Failed Fyre Festival founder Billy McFarland is sitting in a New York City jail cell right now and won’t be let out until after he serves his prison sentence, after his second arrest on fraud charges last week.

U.S. District Judge Naomi Reice Buchwald said McFarland was a “serious risk of flight” after his re-arrest last week on new charges alleging that he tried to cheat some of the victims of his botched 2017 Fyre Festival by trying to sell them bogus tickets to music, fashion and sporting events. Buchwald also called McFarland “a danger, in a non-violent sense, to the community.”


“In effect, his detention at this time is the beginning of his sentence,” Buchwald explained, signaling her intention to ignore a request by McFarland for house arrest and sentence the 27-year-old to up to a decade behind bars. McFarland’s sentencing was postponed until July 26 so court officers who prepared a pre-sentence report would be given a chance to reconsider their sentencing recommendation in light of the new charges.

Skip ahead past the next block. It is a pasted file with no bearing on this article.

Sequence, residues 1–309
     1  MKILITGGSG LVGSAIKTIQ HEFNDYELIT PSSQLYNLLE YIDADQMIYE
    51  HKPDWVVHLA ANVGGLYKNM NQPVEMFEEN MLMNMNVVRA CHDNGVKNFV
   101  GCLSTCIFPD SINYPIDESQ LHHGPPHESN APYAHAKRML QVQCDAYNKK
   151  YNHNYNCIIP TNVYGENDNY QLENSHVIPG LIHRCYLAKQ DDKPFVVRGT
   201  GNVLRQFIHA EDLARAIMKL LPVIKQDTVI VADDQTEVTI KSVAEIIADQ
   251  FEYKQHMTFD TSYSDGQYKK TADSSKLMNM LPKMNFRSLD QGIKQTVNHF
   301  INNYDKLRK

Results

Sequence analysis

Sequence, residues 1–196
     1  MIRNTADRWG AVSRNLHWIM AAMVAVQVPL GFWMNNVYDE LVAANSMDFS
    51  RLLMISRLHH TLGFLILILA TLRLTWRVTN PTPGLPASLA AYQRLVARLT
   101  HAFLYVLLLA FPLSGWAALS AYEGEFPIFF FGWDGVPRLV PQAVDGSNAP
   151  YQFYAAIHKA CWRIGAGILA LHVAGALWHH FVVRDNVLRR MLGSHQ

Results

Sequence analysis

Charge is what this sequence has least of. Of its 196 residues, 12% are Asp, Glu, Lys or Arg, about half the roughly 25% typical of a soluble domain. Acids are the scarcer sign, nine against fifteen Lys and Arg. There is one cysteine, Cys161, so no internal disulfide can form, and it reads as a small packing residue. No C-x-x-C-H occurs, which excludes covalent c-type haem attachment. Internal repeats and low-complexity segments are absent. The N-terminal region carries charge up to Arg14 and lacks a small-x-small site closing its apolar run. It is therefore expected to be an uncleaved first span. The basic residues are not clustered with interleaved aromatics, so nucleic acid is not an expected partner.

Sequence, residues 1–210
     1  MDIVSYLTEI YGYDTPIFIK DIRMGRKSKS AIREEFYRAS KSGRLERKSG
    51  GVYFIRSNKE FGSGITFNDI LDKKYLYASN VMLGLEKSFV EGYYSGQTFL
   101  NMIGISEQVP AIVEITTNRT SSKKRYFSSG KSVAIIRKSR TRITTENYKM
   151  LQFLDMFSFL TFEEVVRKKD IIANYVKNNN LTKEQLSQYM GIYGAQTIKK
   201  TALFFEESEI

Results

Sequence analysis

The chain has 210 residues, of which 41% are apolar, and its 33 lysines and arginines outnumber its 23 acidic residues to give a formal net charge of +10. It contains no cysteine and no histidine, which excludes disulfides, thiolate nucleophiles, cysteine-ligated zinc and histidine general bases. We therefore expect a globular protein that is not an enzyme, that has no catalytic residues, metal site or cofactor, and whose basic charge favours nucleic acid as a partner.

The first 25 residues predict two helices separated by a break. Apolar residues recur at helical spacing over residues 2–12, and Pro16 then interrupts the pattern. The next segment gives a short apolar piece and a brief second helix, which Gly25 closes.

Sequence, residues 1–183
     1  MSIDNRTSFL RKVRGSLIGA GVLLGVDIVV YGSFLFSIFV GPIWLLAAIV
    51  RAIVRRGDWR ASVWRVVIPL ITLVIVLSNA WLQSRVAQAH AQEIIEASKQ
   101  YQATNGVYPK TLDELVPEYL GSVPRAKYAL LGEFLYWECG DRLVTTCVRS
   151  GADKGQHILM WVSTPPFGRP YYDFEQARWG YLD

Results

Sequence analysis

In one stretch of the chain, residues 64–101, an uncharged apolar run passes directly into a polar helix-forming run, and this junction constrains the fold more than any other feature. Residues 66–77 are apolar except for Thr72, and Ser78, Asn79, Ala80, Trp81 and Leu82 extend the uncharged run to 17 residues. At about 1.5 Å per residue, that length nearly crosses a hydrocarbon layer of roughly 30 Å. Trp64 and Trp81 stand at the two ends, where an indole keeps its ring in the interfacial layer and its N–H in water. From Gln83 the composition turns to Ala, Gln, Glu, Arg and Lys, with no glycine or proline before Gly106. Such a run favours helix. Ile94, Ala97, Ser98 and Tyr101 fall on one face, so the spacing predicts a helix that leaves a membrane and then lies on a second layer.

On Monday, officials with the U.S. Attorney’s office issued a lengthy letter with new details of McFarland’s alleged crimes since being arrested last year on multiple counts of wire and securities fraud. McFarland allegedly forged the signature on a $25,000 check written to his personal driver and taken from one of his employees, Assistant U.S. Attorney Kristy J. Greenberg wrote, also accusing McFarland of witness tampering during the investigation of his latest alleged crimes.

Greenberg also called McFarland a “flight risk” saying he told several individuals he would flee the country if sentenced to more than three years in prison.

“These witnesses also noted the defendant’s access to pilots, and the fact that he carried lots of cash on his person,” said Greenberg, who said McFarland makes “$40,000 per month from his freelance work” and “has lived a lavish lifestyle staying at luxury hotels and dining at expensive restaurants while on pretrial release.”